Although a healthy lifestyle, including exercise and proper diet, is important for general health, it is not necessary to abstain completely from caffeine and alcohol while trying to conceive. On the other hand, extremes of weight and cigarette smoking have been shown to be detrimental to people trying to conceive.
Studies have shown that small amounts of caffeine are not necessarily detrimental to conceiving. Caffeine intake of up to one-to two cups of coffee per day has not been shown to decrease fertility. However, caffeine consumption greater than five cups of coffee per day has been associated with decreased fertility up to 50%. Also, consumption of 2-3 cups of coffee per day has been associated with an increased likelihood of miscarriage but does not affect risk of congenital anomalies. In summary, women who consume 1-1.5 cups of coffee per day, before and during pregnancy, should experience no adverse effects on fertility or pregnancy outcome.
Small amounts of alcohol prior to conception, up to 3-4 glasses per week, have also not been shown to decrease a woman’s fertility. Greater than two alcoholic drinks per day has been shown to decrease fertility in women. Certainly, once a woman believes she may be pregnant, she should, without question, abstain from all alcohol intake.
Patients who consume more than the above recommended amount of caffeine or alcohol should decrease their intake. However, it not necessary to bring intake of caffeine and alcohol down to zero.
Diet and Weight
Women who are significantly underweight (BMI<19) and women who are significantly overweight (BMI>35) will experience a 2-4 fold increase in time to conception. However, there is little evidence that specific dietary variations, such as low-fat diets, or vegetarianism, affect fertility. Women attempting to conceive should take 400 micrograms of folic acid. This is to reduce the risk of neural tube defects in the fetus. To calculate your own BMI, go to this link: http://www.nhlbisupport.com/bmi/.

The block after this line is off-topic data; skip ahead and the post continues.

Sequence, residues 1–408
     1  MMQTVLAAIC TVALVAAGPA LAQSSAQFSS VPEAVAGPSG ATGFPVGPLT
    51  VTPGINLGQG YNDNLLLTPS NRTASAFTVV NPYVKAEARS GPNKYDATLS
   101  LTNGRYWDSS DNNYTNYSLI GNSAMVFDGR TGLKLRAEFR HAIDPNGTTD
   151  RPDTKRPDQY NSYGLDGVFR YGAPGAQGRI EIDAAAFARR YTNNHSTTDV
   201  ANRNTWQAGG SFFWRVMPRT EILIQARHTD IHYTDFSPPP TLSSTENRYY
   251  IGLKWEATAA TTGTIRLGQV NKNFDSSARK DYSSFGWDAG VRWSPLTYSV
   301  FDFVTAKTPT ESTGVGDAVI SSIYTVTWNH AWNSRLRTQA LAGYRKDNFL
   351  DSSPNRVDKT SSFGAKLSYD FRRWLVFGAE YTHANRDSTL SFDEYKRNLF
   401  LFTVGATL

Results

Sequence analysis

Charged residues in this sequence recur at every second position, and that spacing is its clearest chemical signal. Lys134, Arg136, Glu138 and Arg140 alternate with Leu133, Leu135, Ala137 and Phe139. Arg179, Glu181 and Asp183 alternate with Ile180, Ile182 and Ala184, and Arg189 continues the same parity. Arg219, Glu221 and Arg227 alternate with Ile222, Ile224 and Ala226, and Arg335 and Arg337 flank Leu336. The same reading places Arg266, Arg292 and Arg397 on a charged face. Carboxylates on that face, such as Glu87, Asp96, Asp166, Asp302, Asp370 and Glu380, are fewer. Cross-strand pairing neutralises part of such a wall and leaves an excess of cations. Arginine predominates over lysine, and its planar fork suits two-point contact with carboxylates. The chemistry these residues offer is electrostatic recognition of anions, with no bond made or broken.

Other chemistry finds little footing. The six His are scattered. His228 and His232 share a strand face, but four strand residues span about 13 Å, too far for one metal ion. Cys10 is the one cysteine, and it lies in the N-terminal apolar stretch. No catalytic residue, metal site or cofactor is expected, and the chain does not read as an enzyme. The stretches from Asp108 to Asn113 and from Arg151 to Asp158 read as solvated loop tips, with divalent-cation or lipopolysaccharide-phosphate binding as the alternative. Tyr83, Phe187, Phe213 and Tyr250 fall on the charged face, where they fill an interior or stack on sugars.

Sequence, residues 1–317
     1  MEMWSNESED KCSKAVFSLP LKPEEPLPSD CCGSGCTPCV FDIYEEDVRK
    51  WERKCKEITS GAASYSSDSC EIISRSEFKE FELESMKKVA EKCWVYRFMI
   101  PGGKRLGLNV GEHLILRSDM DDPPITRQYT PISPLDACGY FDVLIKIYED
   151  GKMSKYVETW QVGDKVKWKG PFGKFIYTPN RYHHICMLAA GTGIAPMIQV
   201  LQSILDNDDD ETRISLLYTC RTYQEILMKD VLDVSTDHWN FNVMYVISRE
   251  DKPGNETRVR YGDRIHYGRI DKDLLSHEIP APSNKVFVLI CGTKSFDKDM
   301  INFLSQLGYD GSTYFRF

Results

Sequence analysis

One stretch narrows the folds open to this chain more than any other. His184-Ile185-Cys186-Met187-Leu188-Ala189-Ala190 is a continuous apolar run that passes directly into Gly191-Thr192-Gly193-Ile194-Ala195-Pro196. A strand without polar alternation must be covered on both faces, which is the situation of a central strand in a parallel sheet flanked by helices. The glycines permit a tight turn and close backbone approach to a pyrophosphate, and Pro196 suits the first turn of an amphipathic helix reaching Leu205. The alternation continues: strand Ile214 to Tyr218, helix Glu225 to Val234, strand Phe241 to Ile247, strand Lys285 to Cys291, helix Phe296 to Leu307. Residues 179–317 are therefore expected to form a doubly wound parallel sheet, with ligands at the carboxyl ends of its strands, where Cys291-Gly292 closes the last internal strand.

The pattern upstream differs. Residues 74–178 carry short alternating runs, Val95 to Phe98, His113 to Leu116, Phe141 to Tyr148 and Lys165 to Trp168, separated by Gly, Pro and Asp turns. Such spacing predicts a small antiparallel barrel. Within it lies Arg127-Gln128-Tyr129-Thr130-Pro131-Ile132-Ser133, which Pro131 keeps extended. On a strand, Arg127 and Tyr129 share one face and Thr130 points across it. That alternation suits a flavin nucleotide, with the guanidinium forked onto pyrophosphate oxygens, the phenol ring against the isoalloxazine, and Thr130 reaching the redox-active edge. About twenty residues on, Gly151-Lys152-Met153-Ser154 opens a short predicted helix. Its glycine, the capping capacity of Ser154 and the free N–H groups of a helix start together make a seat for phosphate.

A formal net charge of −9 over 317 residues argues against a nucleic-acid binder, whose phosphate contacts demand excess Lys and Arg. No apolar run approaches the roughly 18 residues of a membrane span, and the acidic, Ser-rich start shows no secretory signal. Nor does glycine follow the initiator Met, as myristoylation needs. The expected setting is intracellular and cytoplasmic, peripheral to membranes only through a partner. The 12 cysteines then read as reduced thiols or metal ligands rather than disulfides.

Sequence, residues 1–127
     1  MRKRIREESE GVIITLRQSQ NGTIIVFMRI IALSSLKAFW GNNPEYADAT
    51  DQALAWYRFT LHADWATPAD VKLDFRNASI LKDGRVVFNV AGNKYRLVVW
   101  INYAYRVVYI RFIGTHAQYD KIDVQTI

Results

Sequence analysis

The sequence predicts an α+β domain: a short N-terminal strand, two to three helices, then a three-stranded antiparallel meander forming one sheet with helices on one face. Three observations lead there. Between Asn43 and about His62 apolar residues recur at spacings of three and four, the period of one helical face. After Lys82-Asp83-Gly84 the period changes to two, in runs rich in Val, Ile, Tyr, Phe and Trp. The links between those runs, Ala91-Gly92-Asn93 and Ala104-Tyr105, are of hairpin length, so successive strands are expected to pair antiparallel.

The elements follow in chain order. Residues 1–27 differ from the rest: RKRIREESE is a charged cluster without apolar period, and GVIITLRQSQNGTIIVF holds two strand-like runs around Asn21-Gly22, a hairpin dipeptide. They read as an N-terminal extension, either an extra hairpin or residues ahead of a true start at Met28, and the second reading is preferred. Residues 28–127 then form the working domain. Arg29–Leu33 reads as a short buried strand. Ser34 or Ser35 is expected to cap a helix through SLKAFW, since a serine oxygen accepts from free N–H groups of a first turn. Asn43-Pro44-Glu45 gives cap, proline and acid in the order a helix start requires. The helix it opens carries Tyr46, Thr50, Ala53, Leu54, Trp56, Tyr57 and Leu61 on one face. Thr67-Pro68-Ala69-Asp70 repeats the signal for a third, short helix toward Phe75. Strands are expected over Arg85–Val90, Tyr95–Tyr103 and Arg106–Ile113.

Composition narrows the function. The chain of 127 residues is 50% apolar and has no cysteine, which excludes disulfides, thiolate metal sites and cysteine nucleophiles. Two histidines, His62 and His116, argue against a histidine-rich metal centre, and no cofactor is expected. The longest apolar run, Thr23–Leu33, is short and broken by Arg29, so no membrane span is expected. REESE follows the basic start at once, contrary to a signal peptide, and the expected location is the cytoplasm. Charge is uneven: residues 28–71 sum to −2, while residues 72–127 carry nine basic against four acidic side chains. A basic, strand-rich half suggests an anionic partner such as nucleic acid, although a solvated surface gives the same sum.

Smoking (even small amounts) has substantial negative effects on fertility. Women who smoke cigarettes have a 60% increased risk of infertility, as well as an increased risk of miscarriage. Additionally, women who smoke cigarettes go through menopause an average of 1-4 years earlier compared with women who do not smoke. Smoking cigarettes appears to cause increased loss of healthy eggs. Smoking marijuana seems to have similar negative effects on fertility.
When it comes to men attempting to conceive, small amounts of alcohol and caffeine use do not appear to adversely effect sperm parameters (density, motility, and abnormalities in morphology). However, cigarette smoking and marijuana use have been shown to decrease all sperm parameters. Severly overwight men also have decreased sperm parameters and decreased fertility.
As Aristotle wrote 2,500 years ago, “Everything in Moderation”: there is no need to be an ascetic while trying to conceive.
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